The film uses Shaheen as a doorway, beginning as a story about one man which becomes a story about Afghanistan, its people and culture.

Yeah, but it's not so much about Afghanistan and it's not my purpose is to say things about the country. There's one guy like him in Iran who makes cowboy movies in the Iranian desert and there's also a guy like that in Tunisia. I mean you have this person with an urgent need to film whatever they have under their hand and since it's war, then it tells you something about the war. But it's not so much interested in him.

There was a lot of editing, 148 hours that you haven't seen [laughs]. Making a documentary is really telling a story and I don't have any idea of objectivity -- it is my point of view on Shaheen. Some people say to me that they would like to show his films, that they really want to see his films, and I say: "You don't see how much I have edited. I show you the very nice parts of his films." People think he's a great filmmaker and that's the story I wanted to tell -- but I could have told another story.

To my mind, objectivity is a human construct, a falsity that does not exist.

Except mathematics maybe, and sometimes physics.

The purist opinion of documentary as objective is therein built on a faulty premise. From the subjective choices of the filmmakers that bleed into the film to the subjectivity of the subjects, it's not purely objective. Hence, it calls into question the traditional dividing line of the objectivity of documentary and the subjectivity of narrative fiction.

Totally! It's the editing, and why you chose this guy, how you film it and what you show, or what you don't show. It's not only subjectivity, it's storytelling. Not many people ask me about this, they take it for granted that it's the real Shaheen. But I'm not lying, I'm not saying things that aren't true, but I am telling a story, a fictional story out of what I filmed. I took scenes that happened one day and I put them with another story that happened three months later and that's why we had seven months of editing with three editors. So it was a lot of work.

One of the striking aspects of the film are the light and comedic moments offset by a darker and heavier sensibility, which include moments when, for example, Shaheen talks about arranged marriages.

We made 70rough cuts and there was one version we tested and you couldn't believe you were in Afghanistan. People would say: "Oh this is too funny. You don't see Afghanistan, it's just a bunch of crazy guys." I then said: "Let's put in a little more darkness." You then have to strike a balance and to me, if it's not perfect, I'm happy.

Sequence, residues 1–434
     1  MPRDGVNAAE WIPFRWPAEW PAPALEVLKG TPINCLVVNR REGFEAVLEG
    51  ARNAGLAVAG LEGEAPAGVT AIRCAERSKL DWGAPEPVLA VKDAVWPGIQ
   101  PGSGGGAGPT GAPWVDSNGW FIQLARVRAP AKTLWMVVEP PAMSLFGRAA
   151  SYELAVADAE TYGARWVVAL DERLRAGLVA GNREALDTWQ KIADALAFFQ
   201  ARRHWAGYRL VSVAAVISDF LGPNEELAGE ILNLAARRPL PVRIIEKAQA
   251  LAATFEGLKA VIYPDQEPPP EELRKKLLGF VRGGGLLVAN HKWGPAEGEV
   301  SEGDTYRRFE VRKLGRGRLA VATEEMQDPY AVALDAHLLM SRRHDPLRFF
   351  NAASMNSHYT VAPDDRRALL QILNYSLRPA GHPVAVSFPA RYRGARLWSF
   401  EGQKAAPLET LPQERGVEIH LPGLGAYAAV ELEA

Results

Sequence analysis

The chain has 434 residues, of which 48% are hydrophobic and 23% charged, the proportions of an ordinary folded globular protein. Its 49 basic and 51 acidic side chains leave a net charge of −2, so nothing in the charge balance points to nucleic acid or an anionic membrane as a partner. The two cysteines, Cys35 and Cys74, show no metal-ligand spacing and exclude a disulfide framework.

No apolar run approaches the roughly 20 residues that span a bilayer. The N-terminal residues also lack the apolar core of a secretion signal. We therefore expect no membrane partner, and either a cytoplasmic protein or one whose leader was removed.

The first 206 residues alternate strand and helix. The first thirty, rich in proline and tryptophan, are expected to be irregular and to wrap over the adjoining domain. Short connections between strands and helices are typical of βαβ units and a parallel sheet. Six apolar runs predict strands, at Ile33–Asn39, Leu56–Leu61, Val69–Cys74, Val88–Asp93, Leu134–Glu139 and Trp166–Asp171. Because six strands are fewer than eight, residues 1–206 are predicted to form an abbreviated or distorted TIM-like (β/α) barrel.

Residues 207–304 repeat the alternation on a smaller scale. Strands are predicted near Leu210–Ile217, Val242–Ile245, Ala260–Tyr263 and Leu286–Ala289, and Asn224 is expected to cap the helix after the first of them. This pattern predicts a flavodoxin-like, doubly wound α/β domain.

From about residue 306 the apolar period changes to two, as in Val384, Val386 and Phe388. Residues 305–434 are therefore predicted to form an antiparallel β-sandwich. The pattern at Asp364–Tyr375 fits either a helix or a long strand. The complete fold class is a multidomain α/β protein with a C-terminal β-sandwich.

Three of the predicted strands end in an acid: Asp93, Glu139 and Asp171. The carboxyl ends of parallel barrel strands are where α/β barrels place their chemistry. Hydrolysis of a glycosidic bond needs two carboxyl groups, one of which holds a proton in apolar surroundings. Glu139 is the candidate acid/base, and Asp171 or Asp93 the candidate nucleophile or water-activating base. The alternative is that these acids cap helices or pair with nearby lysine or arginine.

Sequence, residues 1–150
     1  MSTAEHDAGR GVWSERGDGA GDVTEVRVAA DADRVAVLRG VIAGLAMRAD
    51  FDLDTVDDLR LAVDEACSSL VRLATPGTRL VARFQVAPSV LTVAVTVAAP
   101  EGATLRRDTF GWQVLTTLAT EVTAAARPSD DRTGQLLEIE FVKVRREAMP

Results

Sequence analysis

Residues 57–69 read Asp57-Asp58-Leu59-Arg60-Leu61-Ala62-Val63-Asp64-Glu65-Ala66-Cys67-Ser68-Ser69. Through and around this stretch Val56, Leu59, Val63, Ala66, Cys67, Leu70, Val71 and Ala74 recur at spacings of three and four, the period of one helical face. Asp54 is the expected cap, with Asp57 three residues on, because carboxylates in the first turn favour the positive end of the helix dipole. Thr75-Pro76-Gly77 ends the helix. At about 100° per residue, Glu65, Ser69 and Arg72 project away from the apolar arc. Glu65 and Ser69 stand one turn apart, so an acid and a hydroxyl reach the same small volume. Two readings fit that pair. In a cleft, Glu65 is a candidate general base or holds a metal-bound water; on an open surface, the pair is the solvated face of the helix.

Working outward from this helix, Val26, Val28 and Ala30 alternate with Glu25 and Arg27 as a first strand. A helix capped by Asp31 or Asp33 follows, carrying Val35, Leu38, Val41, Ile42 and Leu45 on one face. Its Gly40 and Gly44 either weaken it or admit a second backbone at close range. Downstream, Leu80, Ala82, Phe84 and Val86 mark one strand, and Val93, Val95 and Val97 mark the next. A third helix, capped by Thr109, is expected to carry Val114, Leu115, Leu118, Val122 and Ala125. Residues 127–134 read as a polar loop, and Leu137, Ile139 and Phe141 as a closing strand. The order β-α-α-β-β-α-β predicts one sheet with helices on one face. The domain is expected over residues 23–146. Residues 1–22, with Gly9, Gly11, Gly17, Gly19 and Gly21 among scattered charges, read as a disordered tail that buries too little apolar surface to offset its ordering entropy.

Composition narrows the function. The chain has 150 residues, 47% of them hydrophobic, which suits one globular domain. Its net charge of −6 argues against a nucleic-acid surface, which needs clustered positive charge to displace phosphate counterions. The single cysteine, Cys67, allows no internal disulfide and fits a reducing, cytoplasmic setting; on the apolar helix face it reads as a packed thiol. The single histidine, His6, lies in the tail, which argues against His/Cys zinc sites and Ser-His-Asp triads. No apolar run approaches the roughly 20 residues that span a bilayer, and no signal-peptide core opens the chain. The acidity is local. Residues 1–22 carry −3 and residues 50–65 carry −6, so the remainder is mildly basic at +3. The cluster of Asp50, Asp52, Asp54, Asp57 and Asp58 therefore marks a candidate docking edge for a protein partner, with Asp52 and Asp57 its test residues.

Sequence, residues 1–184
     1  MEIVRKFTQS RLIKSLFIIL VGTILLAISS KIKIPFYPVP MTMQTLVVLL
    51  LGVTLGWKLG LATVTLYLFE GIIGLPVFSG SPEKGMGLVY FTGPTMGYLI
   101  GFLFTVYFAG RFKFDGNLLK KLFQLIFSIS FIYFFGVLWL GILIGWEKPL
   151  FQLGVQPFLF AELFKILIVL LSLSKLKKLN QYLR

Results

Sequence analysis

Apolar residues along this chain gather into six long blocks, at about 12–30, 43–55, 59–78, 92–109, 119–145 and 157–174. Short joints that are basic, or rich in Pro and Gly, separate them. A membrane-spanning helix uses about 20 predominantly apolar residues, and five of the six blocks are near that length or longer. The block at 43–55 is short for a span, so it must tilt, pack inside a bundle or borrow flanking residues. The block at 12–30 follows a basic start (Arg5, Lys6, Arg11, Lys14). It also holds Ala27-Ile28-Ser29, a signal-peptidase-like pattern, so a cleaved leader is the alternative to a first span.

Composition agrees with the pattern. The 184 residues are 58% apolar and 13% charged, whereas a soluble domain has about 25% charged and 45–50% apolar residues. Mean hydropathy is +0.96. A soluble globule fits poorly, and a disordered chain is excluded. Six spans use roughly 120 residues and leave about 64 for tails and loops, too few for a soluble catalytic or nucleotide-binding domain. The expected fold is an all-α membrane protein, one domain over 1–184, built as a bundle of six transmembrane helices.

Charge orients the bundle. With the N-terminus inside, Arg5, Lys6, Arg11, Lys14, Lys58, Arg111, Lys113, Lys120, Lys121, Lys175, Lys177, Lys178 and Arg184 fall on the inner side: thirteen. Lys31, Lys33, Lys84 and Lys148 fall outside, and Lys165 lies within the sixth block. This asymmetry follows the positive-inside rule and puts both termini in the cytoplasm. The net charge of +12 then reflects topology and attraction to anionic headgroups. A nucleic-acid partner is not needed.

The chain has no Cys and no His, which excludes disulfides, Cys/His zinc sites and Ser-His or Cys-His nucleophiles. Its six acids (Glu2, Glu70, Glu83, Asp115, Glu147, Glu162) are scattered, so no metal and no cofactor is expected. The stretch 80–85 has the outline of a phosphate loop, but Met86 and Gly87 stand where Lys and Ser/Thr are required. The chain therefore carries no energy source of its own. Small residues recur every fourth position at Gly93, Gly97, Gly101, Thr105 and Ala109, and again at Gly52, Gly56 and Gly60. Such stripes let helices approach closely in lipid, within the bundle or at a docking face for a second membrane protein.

Shooting the film in a dangerous and volatile part of the world, was the approach that once you had enough footage you then looked to shaping the film in the edit?

It's not when you feel you have enough, it's finding a balance between security and artistic concerns. That's it. You have a plan and you have an agenda. There are things you want to do, but it has to be balanced with security concerns. The real story I was going to tell about Shaheen I found in the editing room and in the end, I only kept five days of the shoot. The whole film takes place in Bamyan (Province), nothing in Kabul, although I had weeks and weeks of footage there that I had to take away.

There's a moment when Shaheen asks if you are scared, which sees him verbalise our silent recognition of your boldness and courage to bring this story to the screen.

It's very difficult and it's not like you are walking in the street and there's a bomb. This is not what's difficult. The difficulty is to cope with your fear and to have rules and to follow or to not follow those rules. There are many foreign people that never go out at all in Kabul -- it is forbidden. You have British diplomats who do not even drive their car from the airport to the embassy -- they will take an helicopter that costs £2,000 each way. Then you have foreign people who walk in the street without a scarf -- these girls get kidnapped.

In between these you have Shaheen, who is telling me all the time that I'm too scared, because it's a man's value to be brave and he's a brave guy, there's no question about that. He was in an attack two weeks ago. There was a bomb in a Shia Mosque and he helped to carry out the bodies. So there's no kidding about the fact that he's a brave guy and he has to be because he's been fighting to make his films. But you are in the middle of this and I'm not a brave person at all and I don't think being brave is a very important question. It is, but I'm not brave, I'm very scared and so in the middle of all of this stress it's enough just to manage to not go crazy, or to not drink too much [laughs].

Salim Shaheen and Sonia Kronlund (courtesy of Pyramide Films)